Tuesday , March 26 2019
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Greg Mankiw Gets It Partly Right

In a blog post titled “Who is the prototypical rich person?” Greg Mankiw responds to a pretty bad New York Times op/ed by Emmanual Saez and Gabriel Zucman. I was waiting for someone to spot a pretty big error in Greg’s piece, but no one has. So I’ll point it out. Greg wants to argue that it matters how one becomes rich. He and I agree that that really matters. But check out how he illustrates the point. Greg writes: Saez and Zucman seem to think that rich people are...

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Government Needs No Money to Curtail Pollution

People often complain that government isn’t spending enough money fighting pollution.  Even many economists repeat this complaint.  That’s very odd, because standard market failure theory tells us that governments don’t need any money to fight pollution. Why not?  Simple: In standard market failure theory, governments are supposed to tax pollution!  Such taxes simultaneously reduce pollution and collect revenue.  As a result, fighting pollution is one of any...

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CBO As Agenda Setter on Tax Policy

The Case of the Missing Child Tax Credit Reduction In December 2018, the Congressional Budget Office published a 316-page report titled Options for Reducing the Deficit: 2019 to 2028. Those reports are often useful because they can tell you the implications for the deficit of various changes in government spending and in tax law. This report is relatively comprehensive. It examines dozens of ways in which the U.S. government could cut spending and dozens of ways in...

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A brief intellectual biography

But a very long blog post. I hope this will be of some value to younger researchers. In the summer of 1986, my personal life had hit rock bottom and I decided to immerse myself in economic research, as a form of therapy.  That year I came up with most of the ideas that I’ve used throughout my career.  Here’s how I did it. 1. As a teenager, I had greatly enjoyed reading Friedman and Schwartz’s Monetary History of the United States, and this led me to spend a lot of...

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The Unearned Compliment of Neoliberalism

Most free-market economists take “neoliberalism” as a term of abuse.  Rather than actually respond to our arguments for smaller government and less regulation, the hard left just switches to name-calling. I disagree.  People who denounce neoliberalism are unintentionally paying free-market economists a great compliment.  But sadly, we don’t deserve this compliment. How so?  Well, free-market economists have two kinds of views.  Some are distinctive, such as: 1. We...

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Anthony de Jasay, RIP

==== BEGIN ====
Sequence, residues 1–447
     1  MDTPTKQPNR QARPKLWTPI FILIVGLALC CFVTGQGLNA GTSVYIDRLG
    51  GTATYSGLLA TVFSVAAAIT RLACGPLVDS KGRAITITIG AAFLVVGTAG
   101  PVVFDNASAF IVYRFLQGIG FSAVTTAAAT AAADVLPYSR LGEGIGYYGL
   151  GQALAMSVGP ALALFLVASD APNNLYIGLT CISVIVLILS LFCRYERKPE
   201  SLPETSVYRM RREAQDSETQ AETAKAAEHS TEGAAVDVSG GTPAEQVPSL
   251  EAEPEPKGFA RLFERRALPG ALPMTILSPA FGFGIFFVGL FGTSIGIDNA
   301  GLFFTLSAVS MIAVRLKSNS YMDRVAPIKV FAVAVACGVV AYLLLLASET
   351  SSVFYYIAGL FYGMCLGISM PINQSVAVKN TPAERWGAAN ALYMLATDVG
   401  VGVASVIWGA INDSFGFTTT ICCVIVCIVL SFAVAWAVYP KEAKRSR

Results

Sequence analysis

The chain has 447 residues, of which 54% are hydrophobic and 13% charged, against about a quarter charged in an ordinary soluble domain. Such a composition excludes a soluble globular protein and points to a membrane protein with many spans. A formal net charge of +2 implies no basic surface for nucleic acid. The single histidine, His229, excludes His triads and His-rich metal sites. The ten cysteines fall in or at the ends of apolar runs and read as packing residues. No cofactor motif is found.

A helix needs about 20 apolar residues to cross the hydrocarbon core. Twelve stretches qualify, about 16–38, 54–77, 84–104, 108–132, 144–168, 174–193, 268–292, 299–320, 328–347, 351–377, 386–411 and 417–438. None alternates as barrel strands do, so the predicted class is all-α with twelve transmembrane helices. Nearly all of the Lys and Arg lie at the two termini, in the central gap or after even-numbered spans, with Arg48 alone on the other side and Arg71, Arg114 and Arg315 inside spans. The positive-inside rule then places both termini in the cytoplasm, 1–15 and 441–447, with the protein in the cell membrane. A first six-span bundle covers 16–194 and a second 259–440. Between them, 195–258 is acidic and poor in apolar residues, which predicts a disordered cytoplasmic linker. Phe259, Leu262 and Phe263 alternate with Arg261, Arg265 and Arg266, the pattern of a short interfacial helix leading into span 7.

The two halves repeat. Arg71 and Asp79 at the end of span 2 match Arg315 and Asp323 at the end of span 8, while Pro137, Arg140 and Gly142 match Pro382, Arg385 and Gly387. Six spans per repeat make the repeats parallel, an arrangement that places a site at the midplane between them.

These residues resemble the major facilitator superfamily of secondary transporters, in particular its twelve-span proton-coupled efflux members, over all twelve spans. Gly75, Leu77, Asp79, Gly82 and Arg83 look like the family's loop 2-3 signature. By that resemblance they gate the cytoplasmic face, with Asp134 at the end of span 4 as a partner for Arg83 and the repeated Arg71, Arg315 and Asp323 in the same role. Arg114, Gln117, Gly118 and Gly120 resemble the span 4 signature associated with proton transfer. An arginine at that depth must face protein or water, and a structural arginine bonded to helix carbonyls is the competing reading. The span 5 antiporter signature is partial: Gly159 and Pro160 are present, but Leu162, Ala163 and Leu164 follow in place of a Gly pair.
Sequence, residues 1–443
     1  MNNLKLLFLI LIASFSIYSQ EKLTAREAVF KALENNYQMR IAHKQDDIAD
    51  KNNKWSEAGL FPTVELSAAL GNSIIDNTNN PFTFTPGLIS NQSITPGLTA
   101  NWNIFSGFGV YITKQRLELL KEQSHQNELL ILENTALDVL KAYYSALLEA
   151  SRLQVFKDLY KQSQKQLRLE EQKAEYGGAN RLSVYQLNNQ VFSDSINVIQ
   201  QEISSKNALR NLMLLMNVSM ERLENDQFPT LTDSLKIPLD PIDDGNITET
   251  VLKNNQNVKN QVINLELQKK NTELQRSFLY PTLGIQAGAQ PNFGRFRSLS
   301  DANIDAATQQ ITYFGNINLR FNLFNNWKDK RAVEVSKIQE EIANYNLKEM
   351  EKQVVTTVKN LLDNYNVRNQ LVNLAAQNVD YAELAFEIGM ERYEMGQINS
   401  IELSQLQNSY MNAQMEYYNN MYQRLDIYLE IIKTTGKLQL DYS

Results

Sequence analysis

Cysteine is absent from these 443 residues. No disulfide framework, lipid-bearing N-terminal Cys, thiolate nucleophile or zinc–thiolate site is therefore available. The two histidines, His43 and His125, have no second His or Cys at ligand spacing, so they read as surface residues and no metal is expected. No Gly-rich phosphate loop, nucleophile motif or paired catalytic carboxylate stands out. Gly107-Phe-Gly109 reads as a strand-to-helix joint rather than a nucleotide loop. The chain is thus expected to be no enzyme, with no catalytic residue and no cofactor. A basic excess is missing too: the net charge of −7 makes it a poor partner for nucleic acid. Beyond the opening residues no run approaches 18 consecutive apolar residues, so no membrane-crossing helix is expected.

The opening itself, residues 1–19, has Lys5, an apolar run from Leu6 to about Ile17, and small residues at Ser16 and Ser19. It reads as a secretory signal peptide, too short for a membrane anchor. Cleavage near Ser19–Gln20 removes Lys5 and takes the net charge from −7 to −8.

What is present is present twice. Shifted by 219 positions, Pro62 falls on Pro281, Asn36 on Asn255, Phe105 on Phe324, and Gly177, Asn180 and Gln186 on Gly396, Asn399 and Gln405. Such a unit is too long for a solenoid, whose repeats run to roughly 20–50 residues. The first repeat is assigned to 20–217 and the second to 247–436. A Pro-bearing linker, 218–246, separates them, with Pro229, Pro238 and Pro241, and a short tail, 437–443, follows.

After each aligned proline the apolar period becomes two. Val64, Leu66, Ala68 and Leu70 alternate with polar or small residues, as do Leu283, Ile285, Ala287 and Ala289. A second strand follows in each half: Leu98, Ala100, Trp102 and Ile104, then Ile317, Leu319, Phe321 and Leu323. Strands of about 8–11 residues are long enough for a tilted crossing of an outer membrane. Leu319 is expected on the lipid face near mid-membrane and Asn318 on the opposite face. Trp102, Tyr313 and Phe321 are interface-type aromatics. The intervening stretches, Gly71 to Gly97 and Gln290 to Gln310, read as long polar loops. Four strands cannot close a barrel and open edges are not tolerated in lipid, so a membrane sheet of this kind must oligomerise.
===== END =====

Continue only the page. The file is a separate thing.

Anthony de Jasay died on Wednesday January 23. It was my understanding that the family wanted the news not come out for a few more days, as a private funeral was arranged, but it did anyway on social media, and Pierre Lemieux dutifully reported it. Jasay’s last few years, and particularly his last months were very difficult, for him and his beloved wife Isabelle. May he rest in peace. I’ve known Tony for the last twenty years, which means my entire adult life. We...

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Pride and Prejudice and Violence

Pride and Prejudice Growing up in Manitoba, I had to read Jane Austen’s Pride and Prejudicein 12thgrade. I read it once because I had to; the second time to answer questions on exams; the third time because I loved the book. What I got from it, besides the fact that it was good drama and good romance, was the importance of not being proud about my preconceptions, my prejudice. We all need prejudice. That is, we all need to make pre-judgments. The reason is that we...

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Anthony de Jasay (1925-2019) Has Died

Anthony de Jasay died yesterday in Normandie (France), where he was living. In a recent Econlib “Liberty Classics” review of his book The State (1985), I wrote: When the dust settles, Anthony de Jasay’s The State will probably be recognized as one of the great books of the 20th century. It may be the most serious and subversive challenge to state authority ever written. That this book is not banned must be proof that we are not living under real tyranny or at least...

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MMT is wrong

I have a new piece in The Hill, discussing the increasingly popular “Modern Monetary Theory”: The basic problem is that MMT proponents mix up the roles of fiscal and monetary policy. They argue that monetary policy should play a supporting role, holding down interest rates to reduce the cost of public borrowing. Meanwhile, the thinking goes, fiscal austerity should be the tool used to hold down inflation when aggregate spending begins to exceed the productive capacity...

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A Rare Exception

“More Americans believe in global warming–but they won’t pay much to fix it.” So reads the headline of an article by James Rainey on NBC News’s web site. Read the piece and see if you agree with me that that is the most important part of the article. Why? The line underneath the title says why: “Americans are unwilling to pay $10 a month to fight climate change, a survey found.” Or you can just read the second paragraph: But even as two new surveys confirm the...

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